Date of Award


Document Type


Degree Name

Master of Medicine (MMed)

First Supervisor/Advisor

David Nekyon

Second Supervisor/Advisor

Vitalis Mung'ayi

Third Supervisor/Advisor

Rajpreet Bal


Anaesthesiology (East Africa)


Background: The use of drugs to attenuate the haemodynamic response to laryngoscopy and endotracheal intubation is the standard of care during elective surgery. Current evidence is conflicting concerning the best agent and optimal dose for this purpose. In the majority of cases, Fentanyl is widely utilized to attenuate haemodynamic responses. Ketamine, an established available drug, has been scarcely studied in this regard at low doses and against varying doses of other common agents.

Objective: The primary objective was to compare the overall occurrence of hypertension and tachycardia immediately pre-intubation (post-induction) until 10 minutes post intubation between the study group receiving fentanyl at 1.0 μg/kg and the other receiving Ketamine at 0.5 mg/kg.

The secondary objectives were to compare the occurrence of post-induction hypotension and the occurrence of neuropsychiatric phenomena during emergence between the two groups.

Primary outcome measure: Increase of Blood Pressure (systolic, mean arterial or diastolic) and Heart Rate >20% from the baseline.

Secondary outcome measures: Decrease in Blood Pressure (post induction) >20% from baseline; Occurrence of neuropsychiatric manifestations.

Study Setting: The Aga Khan University Hospital, Nairobi.

Study Design: A prospective, double blind, superiority, randomized control trial.

Sample size: A sample size of 108 participants, 54 in the Fentanyl arm and 54 in the Ketamine arm.

Study population: ASA I and II patients aged 18-65 years scheduled for theatre for non-emergent surgery.

Anaesthetic Procedure: 108 adult patients were randomly assigned to one of two groups corresponding to the drugs used for induction: (a) Fentanyl (1.0 μg/kg) added to Propofol (2.0 mg/kg) and Cisatracurium (0.2 mg/kg) (F, n = 54) and (b) Ketamine (0.5 mg/kg) added to Propofol (2.0 mg/kg) and Cisatracurium (0.2 mg/kg) (K, n = 54), and haemodynamic responses evaluated by determining heart rate and blood pressure immediately before laryngoscopy and at 2.5, 5, 7.5 and 10 minutes. This was in addition to standard of care.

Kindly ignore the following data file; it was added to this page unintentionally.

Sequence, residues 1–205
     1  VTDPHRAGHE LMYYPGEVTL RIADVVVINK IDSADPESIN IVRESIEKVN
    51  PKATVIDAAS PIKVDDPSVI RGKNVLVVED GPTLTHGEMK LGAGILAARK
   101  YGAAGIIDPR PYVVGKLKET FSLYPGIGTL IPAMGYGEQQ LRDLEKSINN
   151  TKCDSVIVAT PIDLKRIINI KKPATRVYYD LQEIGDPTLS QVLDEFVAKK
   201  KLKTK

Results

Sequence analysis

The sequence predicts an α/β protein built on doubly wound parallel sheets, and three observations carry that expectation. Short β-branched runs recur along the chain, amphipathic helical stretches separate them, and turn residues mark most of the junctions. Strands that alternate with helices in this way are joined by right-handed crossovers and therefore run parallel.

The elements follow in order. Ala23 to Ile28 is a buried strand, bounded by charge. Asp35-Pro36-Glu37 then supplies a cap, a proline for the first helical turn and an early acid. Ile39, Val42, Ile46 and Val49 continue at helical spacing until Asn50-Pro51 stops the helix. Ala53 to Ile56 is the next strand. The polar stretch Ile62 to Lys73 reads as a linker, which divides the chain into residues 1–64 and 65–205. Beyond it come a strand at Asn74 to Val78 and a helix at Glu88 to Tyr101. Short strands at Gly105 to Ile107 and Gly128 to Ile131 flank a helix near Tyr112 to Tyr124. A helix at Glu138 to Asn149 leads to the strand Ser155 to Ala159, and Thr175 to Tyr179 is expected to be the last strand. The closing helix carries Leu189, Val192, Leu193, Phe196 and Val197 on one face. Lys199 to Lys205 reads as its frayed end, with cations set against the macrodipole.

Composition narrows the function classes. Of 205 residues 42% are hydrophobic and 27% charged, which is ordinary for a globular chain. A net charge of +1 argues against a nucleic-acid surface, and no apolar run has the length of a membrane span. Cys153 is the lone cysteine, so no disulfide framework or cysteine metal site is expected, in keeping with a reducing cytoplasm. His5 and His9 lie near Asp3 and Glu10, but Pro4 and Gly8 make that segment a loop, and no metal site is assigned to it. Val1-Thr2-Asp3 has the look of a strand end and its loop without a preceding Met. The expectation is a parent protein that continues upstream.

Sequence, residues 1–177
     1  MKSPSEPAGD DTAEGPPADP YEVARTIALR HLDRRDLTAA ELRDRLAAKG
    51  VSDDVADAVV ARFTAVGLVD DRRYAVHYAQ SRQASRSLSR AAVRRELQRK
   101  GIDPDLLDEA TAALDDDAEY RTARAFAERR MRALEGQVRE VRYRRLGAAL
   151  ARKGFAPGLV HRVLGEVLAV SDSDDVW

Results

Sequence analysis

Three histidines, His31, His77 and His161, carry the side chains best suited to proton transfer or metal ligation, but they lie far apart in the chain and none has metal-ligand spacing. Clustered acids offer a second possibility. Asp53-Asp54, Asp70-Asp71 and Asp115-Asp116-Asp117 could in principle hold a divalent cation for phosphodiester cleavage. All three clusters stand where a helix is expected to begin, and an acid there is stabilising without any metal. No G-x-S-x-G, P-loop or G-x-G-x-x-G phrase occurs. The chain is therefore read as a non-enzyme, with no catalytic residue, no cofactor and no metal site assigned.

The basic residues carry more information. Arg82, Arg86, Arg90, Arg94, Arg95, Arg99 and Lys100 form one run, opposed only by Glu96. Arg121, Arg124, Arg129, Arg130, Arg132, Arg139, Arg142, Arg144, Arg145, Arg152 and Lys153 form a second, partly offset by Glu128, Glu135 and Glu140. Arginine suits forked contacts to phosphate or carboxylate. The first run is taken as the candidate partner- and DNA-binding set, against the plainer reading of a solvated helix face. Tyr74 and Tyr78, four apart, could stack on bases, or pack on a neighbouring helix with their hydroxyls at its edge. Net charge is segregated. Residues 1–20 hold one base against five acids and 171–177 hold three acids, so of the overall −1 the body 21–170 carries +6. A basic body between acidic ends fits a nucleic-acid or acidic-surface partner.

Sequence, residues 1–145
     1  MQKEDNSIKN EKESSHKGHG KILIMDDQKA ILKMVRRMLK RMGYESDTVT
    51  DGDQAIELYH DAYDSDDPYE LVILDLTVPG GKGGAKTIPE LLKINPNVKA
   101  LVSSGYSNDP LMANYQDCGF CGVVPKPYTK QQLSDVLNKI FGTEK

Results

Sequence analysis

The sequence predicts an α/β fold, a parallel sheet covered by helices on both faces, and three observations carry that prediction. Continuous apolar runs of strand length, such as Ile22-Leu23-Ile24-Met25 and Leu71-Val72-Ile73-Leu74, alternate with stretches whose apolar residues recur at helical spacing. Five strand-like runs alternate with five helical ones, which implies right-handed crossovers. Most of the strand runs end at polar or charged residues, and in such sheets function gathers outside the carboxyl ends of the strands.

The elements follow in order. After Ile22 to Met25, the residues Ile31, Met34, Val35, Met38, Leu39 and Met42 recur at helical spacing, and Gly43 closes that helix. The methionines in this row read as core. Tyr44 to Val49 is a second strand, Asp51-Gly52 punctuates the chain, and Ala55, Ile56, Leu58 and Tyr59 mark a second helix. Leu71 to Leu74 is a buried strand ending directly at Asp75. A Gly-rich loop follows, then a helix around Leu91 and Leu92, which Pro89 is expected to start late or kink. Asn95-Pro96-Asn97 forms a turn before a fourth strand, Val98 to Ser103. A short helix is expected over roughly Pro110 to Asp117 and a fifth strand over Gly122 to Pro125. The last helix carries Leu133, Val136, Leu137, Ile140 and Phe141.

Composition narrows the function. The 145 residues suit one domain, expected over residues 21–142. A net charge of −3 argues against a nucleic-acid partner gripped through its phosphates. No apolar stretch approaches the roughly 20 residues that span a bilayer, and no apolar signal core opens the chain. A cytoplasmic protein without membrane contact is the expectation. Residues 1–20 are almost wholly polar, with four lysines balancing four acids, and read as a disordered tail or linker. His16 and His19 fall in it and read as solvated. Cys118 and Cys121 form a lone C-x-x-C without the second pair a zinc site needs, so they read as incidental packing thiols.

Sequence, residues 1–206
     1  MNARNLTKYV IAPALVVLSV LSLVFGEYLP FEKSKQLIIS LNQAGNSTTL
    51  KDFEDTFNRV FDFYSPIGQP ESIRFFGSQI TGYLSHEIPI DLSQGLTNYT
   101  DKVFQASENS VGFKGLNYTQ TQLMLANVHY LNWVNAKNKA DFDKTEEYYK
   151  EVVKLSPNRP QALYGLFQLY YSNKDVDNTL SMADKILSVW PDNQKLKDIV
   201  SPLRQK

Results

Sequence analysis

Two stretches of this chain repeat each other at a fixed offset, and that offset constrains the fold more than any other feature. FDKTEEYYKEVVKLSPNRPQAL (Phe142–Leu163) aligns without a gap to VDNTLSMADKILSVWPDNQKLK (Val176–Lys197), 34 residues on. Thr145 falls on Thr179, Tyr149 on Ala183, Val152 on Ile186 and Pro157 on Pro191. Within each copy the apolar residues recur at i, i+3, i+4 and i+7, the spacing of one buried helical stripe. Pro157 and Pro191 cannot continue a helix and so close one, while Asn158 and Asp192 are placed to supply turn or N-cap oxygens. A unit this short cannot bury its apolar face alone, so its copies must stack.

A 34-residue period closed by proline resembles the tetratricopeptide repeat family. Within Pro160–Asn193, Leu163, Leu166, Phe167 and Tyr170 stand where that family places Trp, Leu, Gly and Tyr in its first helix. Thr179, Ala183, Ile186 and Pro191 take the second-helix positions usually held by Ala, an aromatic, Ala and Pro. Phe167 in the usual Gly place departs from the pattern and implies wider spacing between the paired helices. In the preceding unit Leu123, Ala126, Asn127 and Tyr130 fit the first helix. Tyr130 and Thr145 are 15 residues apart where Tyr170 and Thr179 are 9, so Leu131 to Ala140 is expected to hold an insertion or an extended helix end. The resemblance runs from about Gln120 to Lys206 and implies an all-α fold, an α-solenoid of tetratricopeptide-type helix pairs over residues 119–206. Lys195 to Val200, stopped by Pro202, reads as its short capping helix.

Data collection: Data was collected using a data collection tool (see appendix). Patients’ baseline characteristics, systolic blood pressure, mean arterial pressure, diastolic blood pressure and heart rate at baseline then at minute 1, 2.5, 5, 7.5 and 10 were recorded.

Results: 108 ASA I and II patients scheduled to undergo elective surgery were included in this study, 54 participants (50%) in the Fentanyl arm and 54 (50%) in the Ketamine arm. Baseline demographic characteristics were similar between the groups. There were more hypertensive episodes in the Ketamine arm (11%) compared to the Fentanyl arm (1.85%), but not achieving statistical significance: Fisher’s exact test, p=0.06. There was no significant difference in the number of episodes of tachycardia between the Ketamine group 7/54 (13%) and the Fentanyl group, 6/54 (11%); x2=0.05, p=0.82. Hypotensive episodes were more common in those who received Fentanyl, 41/54 (76%), compared to Ketamine recipients, 21/54 (39%), X2=16.9, p

Conclusion: We conclude that there is no difference in the occurrence of hypertension with the use Ketamine at 0.5 mg/kg in combination with Propofol at 2.0 mg/kg. In this regard, Ketamine provides a viable alternative to Fentanyl at 1.0 mcg/kg for the purpose of attenuating the pressor response to laryngoscopy and endotracheal intubation. Additionally, our results suggest that Ketamine may protect against post-induction (pre-laryngoscopy) hypotension.